Spokane is a place like no other. In the midst of breathtaking natural beauty, we enjoy an unmatched quality of life, an affordable cost of living, and an ever-growing assortment of jobs, entertainment and education opportunities.
We are at long last coming out of the great recession. The median household income has grown by more than 11 percent the past couple of years, and today our unemployment rates are at their lowest point since October 2008. Our community has made significant, measurable progress, and we have become a destination city.
We are home to some of the most beautiful hotels in the state, a newly-expanded convention center, and Riverfront Park — our city’s crown jewel — is about to undergo an incredible facelift. Next year, Spokane will host an inaugural figure-skating championship, and the NCAA men’s basketball tournament. In the next few years, we’ll see an amazing improvement in streets and infrastructure.
The problem is: Proposition 1 threatens all of this.
As the owner of a small, family-owned business that has been in Spokane for 75 years, I know how the slightest change in policy can unleash lasting, detrimental effects on us and the workers we employ. But Prop. 1 isn’t a slight change; it’s a radical change. Prop. 1 would be the end for many of our local businesses and the jobs that exist because of them.
I run a union printing company in town and currently employ 30 workers. Prop. 1 will adversely affect my business and the people who depend on the jobs my business provides.
We have strong reason to expect the initiative’s family wage component could land somewhere between $18- and $23-per-hour for large employers. Some of those employers — many of whom are my customers — will leave our region, and those who stay will be forced to lay-off workers, cut expenses and raise prices. The combination of fewer clients and higher prices means I will, in turn, have to increase my prices and layoff members of my staff.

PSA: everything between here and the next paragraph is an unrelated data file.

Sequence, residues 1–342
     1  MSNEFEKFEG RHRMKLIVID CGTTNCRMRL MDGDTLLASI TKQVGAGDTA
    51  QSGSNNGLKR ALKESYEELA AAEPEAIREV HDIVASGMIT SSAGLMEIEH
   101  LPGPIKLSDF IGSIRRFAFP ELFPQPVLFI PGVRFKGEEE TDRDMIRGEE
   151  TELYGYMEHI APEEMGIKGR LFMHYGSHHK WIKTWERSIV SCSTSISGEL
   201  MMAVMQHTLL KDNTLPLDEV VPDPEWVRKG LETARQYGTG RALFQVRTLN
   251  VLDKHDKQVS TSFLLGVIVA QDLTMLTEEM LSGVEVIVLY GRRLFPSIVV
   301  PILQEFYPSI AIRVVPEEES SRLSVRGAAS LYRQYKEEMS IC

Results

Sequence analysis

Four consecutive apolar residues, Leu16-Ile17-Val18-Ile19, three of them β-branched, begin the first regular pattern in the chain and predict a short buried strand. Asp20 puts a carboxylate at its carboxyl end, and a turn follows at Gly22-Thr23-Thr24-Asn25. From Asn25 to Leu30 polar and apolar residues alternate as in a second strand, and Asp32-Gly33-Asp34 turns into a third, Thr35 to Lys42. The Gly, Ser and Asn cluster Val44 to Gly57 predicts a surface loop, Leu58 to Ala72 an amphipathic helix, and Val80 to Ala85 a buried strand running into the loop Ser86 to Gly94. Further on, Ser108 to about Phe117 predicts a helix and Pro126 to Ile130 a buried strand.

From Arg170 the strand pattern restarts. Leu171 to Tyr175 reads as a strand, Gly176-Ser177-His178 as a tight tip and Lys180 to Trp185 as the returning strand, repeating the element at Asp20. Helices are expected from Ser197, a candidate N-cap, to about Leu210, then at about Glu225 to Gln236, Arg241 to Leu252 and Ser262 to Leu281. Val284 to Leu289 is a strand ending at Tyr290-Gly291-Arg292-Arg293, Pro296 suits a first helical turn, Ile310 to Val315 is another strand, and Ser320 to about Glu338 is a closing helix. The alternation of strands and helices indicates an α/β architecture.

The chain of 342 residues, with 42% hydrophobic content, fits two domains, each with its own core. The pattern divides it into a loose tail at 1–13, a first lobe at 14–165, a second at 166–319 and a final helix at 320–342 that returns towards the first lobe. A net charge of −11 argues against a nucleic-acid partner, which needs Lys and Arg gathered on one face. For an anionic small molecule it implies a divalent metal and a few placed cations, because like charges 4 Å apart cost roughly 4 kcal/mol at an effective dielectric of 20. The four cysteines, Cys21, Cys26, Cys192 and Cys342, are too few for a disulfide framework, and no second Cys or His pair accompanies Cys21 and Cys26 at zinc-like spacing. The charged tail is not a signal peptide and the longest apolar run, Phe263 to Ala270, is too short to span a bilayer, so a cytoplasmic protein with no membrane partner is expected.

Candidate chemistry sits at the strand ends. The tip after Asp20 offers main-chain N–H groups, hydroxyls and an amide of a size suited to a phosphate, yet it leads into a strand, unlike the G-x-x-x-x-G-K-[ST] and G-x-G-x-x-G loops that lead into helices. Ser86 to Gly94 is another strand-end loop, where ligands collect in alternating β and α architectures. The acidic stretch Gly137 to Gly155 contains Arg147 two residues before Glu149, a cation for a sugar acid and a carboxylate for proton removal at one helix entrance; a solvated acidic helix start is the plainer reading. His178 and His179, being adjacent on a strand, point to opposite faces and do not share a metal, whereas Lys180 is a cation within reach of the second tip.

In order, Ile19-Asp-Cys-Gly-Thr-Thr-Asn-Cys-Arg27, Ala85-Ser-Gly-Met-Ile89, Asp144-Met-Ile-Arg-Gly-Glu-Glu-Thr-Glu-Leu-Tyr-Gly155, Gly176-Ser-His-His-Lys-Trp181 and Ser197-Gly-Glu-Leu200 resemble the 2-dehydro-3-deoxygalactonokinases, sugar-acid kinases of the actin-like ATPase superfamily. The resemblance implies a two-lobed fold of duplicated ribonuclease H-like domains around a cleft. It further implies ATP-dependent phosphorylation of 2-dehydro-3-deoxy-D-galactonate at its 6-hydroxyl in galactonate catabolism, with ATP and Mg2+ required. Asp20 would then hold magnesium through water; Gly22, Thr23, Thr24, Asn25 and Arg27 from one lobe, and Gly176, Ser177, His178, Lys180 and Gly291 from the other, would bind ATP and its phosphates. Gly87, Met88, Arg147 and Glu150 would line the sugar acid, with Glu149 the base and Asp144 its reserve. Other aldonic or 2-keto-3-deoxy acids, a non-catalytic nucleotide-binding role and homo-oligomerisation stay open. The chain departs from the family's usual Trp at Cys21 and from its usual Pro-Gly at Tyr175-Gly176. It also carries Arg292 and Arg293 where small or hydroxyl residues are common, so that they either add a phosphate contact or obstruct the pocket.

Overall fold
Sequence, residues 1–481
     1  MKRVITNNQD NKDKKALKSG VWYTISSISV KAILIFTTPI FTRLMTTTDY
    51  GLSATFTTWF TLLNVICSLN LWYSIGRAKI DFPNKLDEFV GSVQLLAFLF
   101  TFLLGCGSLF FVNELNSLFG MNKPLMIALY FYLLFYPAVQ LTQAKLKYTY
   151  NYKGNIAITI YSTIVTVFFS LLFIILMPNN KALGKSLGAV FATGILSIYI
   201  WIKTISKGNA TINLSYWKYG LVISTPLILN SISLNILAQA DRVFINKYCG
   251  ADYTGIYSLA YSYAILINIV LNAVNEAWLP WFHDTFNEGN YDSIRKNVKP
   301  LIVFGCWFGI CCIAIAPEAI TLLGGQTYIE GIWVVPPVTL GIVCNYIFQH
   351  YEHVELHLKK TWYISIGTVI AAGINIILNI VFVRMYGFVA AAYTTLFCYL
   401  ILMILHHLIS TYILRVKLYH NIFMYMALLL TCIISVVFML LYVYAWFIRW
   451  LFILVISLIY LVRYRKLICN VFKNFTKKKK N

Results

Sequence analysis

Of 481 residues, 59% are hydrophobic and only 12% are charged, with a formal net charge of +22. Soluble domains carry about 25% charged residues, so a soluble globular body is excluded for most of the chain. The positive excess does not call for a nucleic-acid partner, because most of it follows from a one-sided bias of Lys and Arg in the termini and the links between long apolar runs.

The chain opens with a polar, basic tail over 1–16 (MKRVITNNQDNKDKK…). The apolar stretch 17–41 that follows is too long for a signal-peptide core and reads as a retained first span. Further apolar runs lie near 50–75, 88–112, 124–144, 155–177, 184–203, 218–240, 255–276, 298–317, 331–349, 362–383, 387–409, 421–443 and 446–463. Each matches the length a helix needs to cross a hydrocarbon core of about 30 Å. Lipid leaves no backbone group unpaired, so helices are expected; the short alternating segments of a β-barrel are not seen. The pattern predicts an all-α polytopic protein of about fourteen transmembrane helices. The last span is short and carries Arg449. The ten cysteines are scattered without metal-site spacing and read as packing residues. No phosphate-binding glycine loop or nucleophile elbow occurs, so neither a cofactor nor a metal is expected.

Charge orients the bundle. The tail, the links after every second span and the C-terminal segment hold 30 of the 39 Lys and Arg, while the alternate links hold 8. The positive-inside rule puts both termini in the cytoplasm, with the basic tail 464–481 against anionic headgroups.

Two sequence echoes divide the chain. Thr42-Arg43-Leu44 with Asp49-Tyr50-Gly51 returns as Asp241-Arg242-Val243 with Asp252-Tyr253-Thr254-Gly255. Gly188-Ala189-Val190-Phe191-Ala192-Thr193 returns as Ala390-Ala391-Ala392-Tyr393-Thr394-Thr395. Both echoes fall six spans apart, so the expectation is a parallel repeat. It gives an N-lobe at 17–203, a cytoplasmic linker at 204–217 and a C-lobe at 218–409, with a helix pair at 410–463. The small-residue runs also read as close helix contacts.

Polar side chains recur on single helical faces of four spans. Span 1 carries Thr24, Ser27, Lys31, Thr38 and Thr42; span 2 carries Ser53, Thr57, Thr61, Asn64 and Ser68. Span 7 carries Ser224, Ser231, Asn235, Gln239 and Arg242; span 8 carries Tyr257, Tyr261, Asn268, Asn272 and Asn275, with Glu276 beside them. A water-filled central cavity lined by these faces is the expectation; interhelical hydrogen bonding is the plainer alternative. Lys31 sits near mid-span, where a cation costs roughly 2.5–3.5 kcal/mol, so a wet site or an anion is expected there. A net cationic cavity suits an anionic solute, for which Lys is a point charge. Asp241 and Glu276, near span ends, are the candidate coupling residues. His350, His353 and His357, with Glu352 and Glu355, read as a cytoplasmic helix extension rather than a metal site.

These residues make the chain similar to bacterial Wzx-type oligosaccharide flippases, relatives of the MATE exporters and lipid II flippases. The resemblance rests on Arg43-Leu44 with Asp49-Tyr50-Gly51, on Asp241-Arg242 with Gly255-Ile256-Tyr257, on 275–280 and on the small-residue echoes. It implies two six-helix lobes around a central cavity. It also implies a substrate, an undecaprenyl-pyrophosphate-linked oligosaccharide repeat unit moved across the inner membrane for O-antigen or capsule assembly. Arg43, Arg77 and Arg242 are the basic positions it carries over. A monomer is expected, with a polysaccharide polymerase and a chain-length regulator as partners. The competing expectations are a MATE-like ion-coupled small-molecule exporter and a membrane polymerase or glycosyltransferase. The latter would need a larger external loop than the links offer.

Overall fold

The second component of Prop. 1 calls for “equal pay for equal work,” but it doesn’t define what that means. It does, however, prohibit employers of any size from increasing pay based on education, expertise, experience, seniority or performance. It mandates that pay be based only on skill, effort and responsibility. My union employees will lose the seniority they were promised through their collective bargaining agreements, and I will be forced to pay a new employee the same wage as the significantly more-experienced worker who’s been on staff for 40 years. Tell me how this is fair.
Prop. 1’s third component abolishes the at-will relationship I have with my employees. As a union employer, I adhere to clear discipline procedures, but the ambiguous nature of this provision will make it incredibly difficult for me to terminate under-performing employees. I will either have to let them go and risk an expensive lawsuit, or avoid the lawsuit by keeping them on, which will require my other employees to pick up the slack. I will have to change my hiring practices, and employ only those with proven track records, which means younger and less-skilled workers seeking entry-level opportunities will have a terrible time in Spokane.
The final piece of Prop 1 says that as a business owner I won’t have any rights in Spokane. It says my business can be sued for a litany of things, but I have no legal rights to defend myself. This component’s sole purpose is to expose business owners to endless litigation that we won’t be able to defend ourselves from.
Prop. 1 is driven by an East Coast organization called the Community Environmental Legal Defense Fund (CELDF), a group known for pushing their agenda on unsuspecting communities. Spokane has been their target for several years. CELDF’s lead organizer, Tom Linzey, knows the true cost of Prop. 1’s passing. He’s been quoted as saying that municipalities “could get sued [and] could go bankrupt” as a result of their initiatives. In other words, the enforcement and litigation of Prop. 1 will add up to big dollars, and Spokane will be responsible for the bill.
Voters will be asked, via Proposition 2 and Proposition 3, how they’d like to pay for the costs incurred by Prop. 1: through fewer vital city services, or more taxes. As Spokane business owners, workers, citizens and taxpayers, how can we be OK with this? The answer is: We can’t.
Please vote no on Prop. 1.
Laura Lawton is the president of Lawton Printing Services.
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